Love-letters from the Internet
Ulrich Clewing,, 2003

A train on location or the Internet, video-films or special language-recognition programs for computer - the sites where the young Indian artist Shilpa Gupta presents her works are as varied as her ends and means. In her works she questions viewers' expectations as well as normative role-models of social behaviour. She shows her works in not only museums and galleries but also in public places, to reach folk otherwise outside the domain of art.

Shilpa Gupta is still young but already one of India's most internationally known artists. Her medium is hard to specify, since she turns to videos and performances, Internet-art, installations and actions in public places. If there is a common denominator in her approach, it is her love of variety. Born in Mumbai in 1976, Shilpa Gupta belongs to a generation of artists who have grown up with the so-called new media and turn to them as naturally as a cat to milk. To her, digital technology is a tool like a brush for a painter or a chisel for a sculptor. It can be used in one of various ways according to need.

Shilpa Gupta received her training in art at the Sir J.J. School of Art in her hometown of Mumbai and turned to the public early, having her first exhibition in a gallery in 1996 at the age of 20. Since then her works have been shown in many exhibitions, not only in India but also internationally, on various continents, in places like Toronto and Auckland, Sydney, Peking, Aix-en-Provence, Manchester, London and the 4th International Festival of young independent artists in Slovenia.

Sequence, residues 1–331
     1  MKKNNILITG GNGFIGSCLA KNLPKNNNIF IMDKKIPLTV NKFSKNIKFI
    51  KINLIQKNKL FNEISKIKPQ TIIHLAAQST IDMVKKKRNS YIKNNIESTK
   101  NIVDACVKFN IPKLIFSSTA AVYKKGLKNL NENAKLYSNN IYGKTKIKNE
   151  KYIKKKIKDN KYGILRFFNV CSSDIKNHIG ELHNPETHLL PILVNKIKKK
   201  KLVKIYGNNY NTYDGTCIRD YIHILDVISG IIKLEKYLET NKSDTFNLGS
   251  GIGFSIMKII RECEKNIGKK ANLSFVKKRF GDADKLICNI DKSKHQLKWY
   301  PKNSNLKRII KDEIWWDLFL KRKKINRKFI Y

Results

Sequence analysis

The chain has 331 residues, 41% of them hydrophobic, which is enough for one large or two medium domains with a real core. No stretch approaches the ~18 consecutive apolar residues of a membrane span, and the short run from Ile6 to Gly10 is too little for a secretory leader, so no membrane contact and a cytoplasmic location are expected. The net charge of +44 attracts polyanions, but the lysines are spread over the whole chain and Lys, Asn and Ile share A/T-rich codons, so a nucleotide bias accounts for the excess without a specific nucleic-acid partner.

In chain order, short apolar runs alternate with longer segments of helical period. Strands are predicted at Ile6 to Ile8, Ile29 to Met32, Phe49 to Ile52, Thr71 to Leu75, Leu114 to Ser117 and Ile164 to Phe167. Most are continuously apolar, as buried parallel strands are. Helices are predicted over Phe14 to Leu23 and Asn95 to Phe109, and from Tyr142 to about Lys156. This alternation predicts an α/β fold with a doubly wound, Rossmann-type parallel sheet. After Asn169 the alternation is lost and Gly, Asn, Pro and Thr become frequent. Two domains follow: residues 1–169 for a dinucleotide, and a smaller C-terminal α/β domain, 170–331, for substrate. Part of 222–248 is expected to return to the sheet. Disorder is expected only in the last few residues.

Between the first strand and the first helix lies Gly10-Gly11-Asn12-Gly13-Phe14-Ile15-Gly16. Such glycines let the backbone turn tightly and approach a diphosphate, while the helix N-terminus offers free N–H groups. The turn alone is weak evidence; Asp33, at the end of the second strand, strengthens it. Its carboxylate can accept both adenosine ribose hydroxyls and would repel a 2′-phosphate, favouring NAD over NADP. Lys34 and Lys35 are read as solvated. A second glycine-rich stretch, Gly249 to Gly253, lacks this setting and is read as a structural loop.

If so inclined, one could say that she is a concept artist, but such a generalisation would hardly be fair. What her works have in common with those of concept-art is the fact that viewers are invited to choose their own personal attitudes towards them. It is this which makes the works artistically interesting.

In one of Gupta's video-films for instance, she is seen shaving her whole body, and round the monitor, there are star-shaped arrangements of hair. Viewers thus witnesses a very intimate act and slip into the role of voyeurs. This leads to an ambivalent situation, since on the one hand the film's iconography is shown openly to the public and on the other hand is so intimate that viewers tend to shy away, wary of being drawn into intimacy with a stranger. Hence this video-film makes them rather neurotic: on the one hand there is candour and seduction, on the other hand shyness and shame. After awhile one comes to realise that a main theme of these works is the adoption of a personal standpoint.

The questioning of social behaviour and role-models is one of Gupta's aims. Another is to reach out to folk otherwise outside the domain of art. This has consequences in her choice of location. The performance 'Blame', for instance, took place in coaches of trains in a suburb of Mombai. On another occasion, together with Huma Mulji, she organised an action (aar paar) in which art posters were pasted onto commercial billboards in India and Pakistan. Unusual too was the Internet project Users were able to use an interactive installation to record love-poems, which were then sent on anonymously to addressees. Shilpa Gupta, one of the founding members of the art society Open Circle, lives and works in Mumbai.